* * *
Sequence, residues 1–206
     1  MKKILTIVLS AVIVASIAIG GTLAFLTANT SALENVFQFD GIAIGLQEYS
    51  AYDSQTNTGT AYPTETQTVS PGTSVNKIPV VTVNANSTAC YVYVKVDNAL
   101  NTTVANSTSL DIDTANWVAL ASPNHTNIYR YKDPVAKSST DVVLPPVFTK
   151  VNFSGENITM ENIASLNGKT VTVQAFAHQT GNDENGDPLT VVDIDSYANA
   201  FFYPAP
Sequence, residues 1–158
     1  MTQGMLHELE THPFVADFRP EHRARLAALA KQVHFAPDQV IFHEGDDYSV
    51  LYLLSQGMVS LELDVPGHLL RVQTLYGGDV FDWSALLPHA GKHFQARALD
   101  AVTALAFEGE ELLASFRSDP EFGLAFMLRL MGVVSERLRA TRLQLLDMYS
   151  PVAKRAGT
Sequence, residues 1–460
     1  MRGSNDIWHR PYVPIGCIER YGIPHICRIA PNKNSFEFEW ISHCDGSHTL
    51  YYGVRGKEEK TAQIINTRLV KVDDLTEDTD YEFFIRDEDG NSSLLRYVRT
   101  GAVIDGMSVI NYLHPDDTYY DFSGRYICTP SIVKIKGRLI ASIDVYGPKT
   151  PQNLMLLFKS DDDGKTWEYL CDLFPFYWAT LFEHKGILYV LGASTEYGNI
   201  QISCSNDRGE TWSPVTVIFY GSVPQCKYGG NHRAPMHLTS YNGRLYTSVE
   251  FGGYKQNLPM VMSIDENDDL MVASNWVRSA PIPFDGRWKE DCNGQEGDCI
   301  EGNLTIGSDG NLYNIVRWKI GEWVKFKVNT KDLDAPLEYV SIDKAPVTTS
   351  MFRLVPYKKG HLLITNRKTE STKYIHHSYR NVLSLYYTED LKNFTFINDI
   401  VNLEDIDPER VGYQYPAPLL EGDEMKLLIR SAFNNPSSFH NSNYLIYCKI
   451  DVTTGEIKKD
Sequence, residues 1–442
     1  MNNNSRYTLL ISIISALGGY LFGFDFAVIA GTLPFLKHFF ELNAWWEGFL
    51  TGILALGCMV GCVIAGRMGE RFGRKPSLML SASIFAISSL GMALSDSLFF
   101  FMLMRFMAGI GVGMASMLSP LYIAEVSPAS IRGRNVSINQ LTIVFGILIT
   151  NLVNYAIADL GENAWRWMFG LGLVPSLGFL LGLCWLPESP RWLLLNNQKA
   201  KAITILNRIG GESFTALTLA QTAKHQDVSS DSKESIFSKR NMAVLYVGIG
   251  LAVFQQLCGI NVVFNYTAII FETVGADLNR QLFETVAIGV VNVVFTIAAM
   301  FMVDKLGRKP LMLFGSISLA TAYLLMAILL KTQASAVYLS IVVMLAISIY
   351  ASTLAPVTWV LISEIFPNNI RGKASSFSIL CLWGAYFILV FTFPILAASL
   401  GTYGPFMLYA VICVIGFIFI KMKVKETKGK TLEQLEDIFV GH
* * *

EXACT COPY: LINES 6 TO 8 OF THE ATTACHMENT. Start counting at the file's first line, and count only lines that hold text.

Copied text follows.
   201  FFYPAP
Sequence, residues 1–158
     1  MTQGMLHELE THPFVADFRP EHRARLAALA KQVHFAPDQV IFHEGDDYSV